Bitcoin Miners become Trapped in a Bear Pit in the Cryptoverse
Think of the trapped bitcoin miner.
By the end of 2021, miners were imbuing the town with a sure-fire path to profit: connecting powerful computers to cheap power, solving complex math puzzles, and then selling freshly minted coins into the booming market.
General is a long time in encryption.
Global bitcoin mining revenue plunged to $17.2 million a day amid the crypto winter and the global energy crisis, down 72% from last November when miners were amassing $62 million a day, according to Blockchain com data.
“Bitcoin miners continue to monitor margin pressure: the price of bitcoin has fallen, mining difficulty has increased, and energy prices have skyrocketed,” said Joe Burnett, senior analyst at Blockware Solutions.
This has put great pressure on some players who have bought expensive mining machines or rigs, relying on rising bitcoin prices to recoup their investment.
Bitcoin is trading at around $19,000 and hasn’t been able to break above $25,000 since August, let alone reclaim its November high of $69,000.
At the same time, the process of solving mining puzzles is becoming more and more difficult as more miners come online. This means that they have to gain more computing power, which leads to increased operating costs, especially for those without long-term energy price agreements.
Bitcoin miners’ earnings per one tremor of computing power have fluctuated between $0.119 and $0.070 per day since July, down from $0.45 in November last year and around two-year lows.
The dismal situation may be here to stay as well: the Luxor Hashrate index, which measures mining earnings potential, is down nearly 70% so far this year.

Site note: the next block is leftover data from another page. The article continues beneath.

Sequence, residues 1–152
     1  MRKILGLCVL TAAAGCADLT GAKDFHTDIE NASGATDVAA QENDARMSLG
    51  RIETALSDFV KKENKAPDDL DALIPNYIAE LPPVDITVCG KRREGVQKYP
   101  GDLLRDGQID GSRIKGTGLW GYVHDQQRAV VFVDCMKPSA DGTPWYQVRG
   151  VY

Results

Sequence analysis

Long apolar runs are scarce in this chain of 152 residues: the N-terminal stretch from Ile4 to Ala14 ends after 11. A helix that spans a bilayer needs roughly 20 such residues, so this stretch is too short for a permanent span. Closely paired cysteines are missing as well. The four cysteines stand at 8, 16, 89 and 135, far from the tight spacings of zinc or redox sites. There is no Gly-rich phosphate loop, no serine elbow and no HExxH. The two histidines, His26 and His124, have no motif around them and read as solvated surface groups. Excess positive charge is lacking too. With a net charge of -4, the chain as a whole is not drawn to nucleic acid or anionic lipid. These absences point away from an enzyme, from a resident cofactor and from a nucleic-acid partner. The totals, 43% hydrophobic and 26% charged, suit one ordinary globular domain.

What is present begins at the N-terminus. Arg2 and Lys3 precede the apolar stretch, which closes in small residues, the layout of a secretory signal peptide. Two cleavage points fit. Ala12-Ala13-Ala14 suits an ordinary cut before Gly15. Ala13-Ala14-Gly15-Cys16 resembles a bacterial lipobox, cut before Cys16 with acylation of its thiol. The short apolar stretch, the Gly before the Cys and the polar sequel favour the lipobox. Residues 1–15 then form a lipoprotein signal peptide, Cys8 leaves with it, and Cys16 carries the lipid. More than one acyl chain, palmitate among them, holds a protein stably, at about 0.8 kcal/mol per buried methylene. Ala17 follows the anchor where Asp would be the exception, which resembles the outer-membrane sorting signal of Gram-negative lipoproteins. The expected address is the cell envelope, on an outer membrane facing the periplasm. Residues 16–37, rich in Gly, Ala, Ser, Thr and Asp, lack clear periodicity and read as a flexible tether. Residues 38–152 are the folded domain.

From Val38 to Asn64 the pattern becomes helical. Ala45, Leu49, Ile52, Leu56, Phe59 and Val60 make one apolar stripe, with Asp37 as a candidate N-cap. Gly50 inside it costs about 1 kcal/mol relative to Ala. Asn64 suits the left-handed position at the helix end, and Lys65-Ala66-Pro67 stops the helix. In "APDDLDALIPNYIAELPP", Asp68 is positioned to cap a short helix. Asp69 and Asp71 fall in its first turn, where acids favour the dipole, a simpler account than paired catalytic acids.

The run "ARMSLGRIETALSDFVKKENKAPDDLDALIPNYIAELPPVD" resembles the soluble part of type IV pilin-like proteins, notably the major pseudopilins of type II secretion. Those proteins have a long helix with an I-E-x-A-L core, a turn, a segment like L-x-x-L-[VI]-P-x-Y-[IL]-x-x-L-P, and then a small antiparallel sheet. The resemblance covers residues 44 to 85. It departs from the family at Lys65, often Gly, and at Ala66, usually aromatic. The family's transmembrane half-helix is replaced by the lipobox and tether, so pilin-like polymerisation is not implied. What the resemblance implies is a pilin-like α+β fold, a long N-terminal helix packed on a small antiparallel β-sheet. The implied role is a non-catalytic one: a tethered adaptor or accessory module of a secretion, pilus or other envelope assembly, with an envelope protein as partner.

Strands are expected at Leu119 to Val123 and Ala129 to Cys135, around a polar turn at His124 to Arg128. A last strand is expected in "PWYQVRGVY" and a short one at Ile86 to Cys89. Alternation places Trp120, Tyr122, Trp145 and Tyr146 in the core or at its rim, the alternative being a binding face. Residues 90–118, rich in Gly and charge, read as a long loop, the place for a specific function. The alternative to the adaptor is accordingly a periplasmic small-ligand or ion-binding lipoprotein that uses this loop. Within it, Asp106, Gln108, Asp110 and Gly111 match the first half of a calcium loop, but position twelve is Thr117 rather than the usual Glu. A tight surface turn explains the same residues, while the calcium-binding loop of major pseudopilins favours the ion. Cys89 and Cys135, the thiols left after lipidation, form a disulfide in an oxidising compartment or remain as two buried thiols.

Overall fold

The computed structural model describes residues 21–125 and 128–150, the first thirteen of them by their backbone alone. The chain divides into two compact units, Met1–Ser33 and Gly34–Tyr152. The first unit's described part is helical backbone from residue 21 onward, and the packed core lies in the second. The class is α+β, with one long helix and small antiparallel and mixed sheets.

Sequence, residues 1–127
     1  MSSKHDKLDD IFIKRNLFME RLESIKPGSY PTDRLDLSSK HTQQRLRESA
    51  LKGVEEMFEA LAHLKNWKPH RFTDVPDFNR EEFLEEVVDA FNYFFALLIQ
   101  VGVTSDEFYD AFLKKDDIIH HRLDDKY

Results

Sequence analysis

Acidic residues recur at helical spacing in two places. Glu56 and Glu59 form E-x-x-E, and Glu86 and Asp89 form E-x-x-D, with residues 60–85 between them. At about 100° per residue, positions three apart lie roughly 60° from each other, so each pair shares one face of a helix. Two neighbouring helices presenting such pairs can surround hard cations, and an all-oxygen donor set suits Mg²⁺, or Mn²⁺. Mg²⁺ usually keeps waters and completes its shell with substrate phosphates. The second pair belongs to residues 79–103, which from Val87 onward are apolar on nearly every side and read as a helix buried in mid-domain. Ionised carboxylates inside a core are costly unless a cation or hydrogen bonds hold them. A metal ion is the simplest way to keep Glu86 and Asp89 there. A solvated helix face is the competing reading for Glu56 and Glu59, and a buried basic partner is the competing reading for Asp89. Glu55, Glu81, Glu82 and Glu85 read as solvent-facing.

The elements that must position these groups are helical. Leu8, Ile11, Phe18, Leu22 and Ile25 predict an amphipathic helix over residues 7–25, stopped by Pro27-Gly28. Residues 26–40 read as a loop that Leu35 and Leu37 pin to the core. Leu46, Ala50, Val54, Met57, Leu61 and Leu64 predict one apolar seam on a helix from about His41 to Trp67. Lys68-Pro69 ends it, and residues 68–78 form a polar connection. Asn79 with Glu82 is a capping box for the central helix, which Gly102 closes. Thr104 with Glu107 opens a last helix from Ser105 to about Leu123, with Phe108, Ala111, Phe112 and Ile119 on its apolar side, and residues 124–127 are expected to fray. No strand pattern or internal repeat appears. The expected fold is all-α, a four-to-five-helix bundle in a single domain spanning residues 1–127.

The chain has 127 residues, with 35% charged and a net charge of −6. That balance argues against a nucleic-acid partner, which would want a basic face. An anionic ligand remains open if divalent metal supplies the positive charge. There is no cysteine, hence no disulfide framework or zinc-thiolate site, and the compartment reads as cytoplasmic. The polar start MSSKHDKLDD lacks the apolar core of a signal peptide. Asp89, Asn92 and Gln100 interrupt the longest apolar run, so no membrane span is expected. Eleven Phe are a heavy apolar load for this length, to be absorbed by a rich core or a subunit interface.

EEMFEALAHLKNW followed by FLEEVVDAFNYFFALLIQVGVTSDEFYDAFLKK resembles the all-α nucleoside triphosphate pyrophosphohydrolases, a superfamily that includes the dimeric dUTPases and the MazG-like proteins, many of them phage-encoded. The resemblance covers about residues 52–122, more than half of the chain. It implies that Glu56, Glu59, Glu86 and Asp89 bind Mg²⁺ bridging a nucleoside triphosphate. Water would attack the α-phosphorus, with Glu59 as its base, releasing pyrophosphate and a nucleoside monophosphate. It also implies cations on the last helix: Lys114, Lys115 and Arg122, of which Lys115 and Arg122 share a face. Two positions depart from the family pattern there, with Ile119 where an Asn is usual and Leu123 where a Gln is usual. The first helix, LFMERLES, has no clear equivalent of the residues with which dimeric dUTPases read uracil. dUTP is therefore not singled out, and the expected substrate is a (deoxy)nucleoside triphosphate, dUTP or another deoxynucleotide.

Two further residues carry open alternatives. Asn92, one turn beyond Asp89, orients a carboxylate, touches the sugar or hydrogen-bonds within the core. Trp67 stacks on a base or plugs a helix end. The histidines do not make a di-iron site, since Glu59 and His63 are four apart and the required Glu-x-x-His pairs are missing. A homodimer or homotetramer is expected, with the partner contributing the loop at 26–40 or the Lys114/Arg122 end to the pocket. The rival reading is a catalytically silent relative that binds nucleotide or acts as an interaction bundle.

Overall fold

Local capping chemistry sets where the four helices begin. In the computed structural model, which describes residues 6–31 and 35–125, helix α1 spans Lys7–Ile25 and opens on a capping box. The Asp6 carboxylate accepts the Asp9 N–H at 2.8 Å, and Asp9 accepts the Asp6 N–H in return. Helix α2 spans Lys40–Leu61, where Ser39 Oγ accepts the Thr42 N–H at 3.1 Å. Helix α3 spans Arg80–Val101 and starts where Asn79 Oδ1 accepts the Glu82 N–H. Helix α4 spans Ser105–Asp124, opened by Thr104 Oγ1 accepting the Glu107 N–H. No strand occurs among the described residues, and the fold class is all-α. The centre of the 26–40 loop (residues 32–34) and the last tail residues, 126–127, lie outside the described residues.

It was a pain for the miners.
Shares of Marathon Digital, Riot Blockchain, and the Valkyrie Bitcoin Miners ETF are down more than 60% this year, for example, while crypto-mining data center operator Compute North filed for bankruptcy protection last week.
However, mining is ultimately a long-term proposition: The last Bitcoin is expected to be mined in 2140, more than a century later, and some spying opportunities remain in the shadows.
Said William Szamosszegi, CEO of Sazmining Inc, which plans to open a bitcoin mining operation powered by renewable energy.
In fact, many miners are reducing their purchases of excavators, forcing manufacturers to lower prices.
For example, the popular S19J Pro rig sold for $10,100 in January on average, but is now selling for $3,200, Luxor analysts said, also noting that the wholesale order prices of some miners fell 10% last week.
Chris Klein, the co-founder of crypto investment platform Bitcoin IRA, said that miners need to be “hyper-focused” on energy efficiency, to reduce costs and avoid the fallout from climate change regulations.
“By managing their balance sheet, processing units, and energy costs, miners will strive to stay afloat regardless of current market conditions,” he added.
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